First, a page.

Scottish independence: John Major’s Yes vote fears

Sir John Major is concerned that the UK's international standing would be 'diminished' in the event of a Yes vote. Picture: John Devlin

Sir John Major is concerned that the UK's international standing would be 'diminished' in the event of a Yes vote. Picture: John Devlin

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FORMER prime minister Sir John Major has warned the UK’s international standing would be “diminished” should Scotland vote Yes in the independence referendum.

Sir John said he hopes Scotland will not vote to break away when it votes on September 18 and warned Britain would be “damaged”, leading to a decline in its role on the international stage including within the European Union and United Nations.

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It comes as leaders of all three major parties travel to Scotland to attempt to boost the No campaign in the wake of recent polls suggesting pro-independence supporters had seized a narrow lead.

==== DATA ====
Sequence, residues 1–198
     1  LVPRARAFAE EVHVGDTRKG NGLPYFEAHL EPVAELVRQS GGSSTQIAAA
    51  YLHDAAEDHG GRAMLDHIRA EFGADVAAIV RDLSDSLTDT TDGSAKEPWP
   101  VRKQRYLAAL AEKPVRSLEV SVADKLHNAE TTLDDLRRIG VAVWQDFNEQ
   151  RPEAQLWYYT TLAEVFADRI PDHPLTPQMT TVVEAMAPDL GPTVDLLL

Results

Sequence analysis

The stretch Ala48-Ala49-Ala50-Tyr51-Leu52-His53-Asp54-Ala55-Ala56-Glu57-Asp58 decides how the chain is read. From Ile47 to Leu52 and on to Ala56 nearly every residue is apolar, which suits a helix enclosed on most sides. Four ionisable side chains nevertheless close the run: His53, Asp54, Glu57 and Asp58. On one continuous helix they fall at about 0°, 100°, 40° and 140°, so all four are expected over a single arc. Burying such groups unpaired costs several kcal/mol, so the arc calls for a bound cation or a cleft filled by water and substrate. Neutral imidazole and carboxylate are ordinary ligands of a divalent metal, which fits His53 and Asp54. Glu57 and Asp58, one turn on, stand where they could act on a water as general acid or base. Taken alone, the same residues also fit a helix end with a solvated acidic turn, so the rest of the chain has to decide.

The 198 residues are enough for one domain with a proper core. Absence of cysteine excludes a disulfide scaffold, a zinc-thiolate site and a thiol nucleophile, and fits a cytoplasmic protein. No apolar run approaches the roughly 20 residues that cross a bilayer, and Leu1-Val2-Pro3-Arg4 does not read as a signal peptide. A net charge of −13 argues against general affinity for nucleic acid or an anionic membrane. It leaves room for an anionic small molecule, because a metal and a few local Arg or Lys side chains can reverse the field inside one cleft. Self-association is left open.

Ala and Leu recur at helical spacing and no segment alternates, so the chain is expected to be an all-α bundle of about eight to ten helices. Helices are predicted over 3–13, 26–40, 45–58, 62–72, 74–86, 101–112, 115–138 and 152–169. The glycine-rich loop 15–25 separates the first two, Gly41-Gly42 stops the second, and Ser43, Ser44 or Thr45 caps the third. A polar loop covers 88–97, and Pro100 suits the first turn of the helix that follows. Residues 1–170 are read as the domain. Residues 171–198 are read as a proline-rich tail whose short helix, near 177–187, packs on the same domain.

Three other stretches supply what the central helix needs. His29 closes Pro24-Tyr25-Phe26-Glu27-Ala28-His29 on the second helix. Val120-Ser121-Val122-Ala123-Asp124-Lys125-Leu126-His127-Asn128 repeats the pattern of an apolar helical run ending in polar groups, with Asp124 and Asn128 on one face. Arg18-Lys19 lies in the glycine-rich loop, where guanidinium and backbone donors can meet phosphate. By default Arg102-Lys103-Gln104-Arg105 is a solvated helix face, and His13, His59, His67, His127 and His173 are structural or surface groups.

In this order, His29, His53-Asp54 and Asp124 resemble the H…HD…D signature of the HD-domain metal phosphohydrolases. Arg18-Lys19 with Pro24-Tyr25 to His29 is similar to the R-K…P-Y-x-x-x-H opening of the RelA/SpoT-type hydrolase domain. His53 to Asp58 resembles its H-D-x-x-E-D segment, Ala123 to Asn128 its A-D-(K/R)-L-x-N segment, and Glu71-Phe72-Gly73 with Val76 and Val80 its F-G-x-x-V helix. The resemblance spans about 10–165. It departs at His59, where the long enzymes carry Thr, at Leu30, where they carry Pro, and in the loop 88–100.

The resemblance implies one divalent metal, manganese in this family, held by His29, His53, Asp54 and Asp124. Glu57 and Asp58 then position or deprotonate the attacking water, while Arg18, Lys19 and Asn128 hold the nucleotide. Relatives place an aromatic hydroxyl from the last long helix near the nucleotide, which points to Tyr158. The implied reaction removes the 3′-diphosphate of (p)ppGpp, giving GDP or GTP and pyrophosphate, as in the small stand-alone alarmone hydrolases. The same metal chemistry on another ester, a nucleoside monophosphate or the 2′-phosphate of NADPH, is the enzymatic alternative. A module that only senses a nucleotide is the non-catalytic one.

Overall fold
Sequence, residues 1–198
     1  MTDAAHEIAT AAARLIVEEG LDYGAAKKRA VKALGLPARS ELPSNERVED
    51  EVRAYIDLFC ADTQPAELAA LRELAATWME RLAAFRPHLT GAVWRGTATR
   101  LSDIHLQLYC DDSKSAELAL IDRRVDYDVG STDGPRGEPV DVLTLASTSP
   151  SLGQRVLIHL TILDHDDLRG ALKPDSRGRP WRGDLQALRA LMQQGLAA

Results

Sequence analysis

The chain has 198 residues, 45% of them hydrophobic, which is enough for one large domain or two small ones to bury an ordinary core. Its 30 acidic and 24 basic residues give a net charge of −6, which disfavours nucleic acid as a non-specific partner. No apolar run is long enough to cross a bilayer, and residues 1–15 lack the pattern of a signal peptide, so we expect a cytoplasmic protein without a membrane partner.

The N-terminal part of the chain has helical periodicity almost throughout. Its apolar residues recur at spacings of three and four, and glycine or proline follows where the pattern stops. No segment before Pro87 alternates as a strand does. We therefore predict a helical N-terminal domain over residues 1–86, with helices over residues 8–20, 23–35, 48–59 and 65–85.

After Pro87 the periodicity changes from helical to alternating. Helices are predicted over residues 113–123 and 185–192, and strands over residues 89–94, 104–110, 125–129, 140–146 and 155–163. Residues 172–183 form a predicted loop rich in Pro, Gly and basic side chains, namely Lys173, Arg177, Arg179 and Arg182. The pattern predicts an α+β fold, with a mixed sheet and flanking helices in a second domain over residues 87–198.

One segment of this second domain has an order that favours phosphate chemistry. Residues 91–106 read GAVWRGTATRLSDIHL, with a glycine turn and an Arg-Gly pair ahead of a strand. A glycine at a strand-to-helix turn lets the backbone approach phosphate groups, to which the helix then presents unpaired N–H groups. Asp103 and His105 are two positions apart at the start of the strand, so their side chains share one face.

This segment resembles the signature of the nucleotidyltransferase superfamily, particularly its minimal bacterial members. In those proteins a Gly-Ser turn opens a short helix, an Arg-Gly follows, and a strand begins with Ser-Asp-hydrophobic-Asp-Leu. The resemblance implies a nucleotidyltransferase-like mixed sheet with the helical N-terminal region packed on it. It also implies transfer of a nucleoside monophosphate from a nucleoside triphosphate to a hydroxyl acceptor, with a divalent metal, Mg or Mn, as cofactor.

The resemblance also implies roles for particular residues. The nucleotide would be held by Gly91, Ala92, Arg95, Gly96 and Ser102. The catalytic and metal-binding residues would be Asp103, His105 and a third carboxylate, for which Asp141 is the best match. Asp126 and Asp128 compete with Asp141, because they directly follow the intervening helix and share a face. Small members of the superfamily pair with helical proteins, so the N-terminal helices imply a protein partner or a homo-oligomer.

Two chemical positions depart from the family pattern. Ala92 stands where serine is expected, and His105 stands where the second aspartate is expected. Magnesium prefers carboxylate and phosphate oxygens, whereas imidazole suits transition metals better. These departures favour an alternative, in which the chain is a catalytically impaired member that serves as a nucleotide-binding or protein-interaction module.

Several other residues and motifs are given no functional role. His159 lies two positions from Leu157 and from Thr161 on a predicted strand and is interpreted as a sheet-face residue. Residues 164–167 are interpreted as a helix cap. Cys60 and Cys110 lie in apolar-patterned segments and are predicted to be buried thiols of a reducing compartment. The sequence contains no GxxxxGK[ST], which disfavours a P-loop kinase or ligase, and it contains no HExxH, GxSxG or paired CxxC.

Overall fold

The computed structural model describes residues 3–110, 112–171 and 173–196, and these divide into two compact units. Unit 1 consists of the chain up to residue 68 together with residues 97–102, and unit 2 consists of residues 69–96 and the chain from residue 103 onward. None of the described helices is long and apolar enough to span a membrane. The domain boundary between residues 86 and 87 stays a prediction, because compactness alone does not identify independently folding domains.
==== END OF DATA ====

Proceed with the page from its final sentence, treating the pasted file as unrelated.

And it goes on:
Writing in the Times, the former Conservative prime minister said: “I believe Scotland and the whole of the UK as a whole would be damaged. We need one another and, if separated, would all face unwelcome and unanticipated change.

“If the UK lost Scotland, it would be diminished - be in no doubt about that. Our defence would be severely weakened. Trident would almost certainly be lost. Britain’s role as the second largest military force in the EU would be gone and, with it, many of our close ties to the United States.

“The UK would be weaker in every international body and, most damagingly, within the European Union. Our chance of reforming the EU would be diminished, and the risk of our exit from it enhanced. Britain’s place as a member of the permanent five of the United Nations would no longer be viable.”

Sir John, who said he opposed devolution 20 years ago, added a Yes vote could also lead to calls for independence from Wales.

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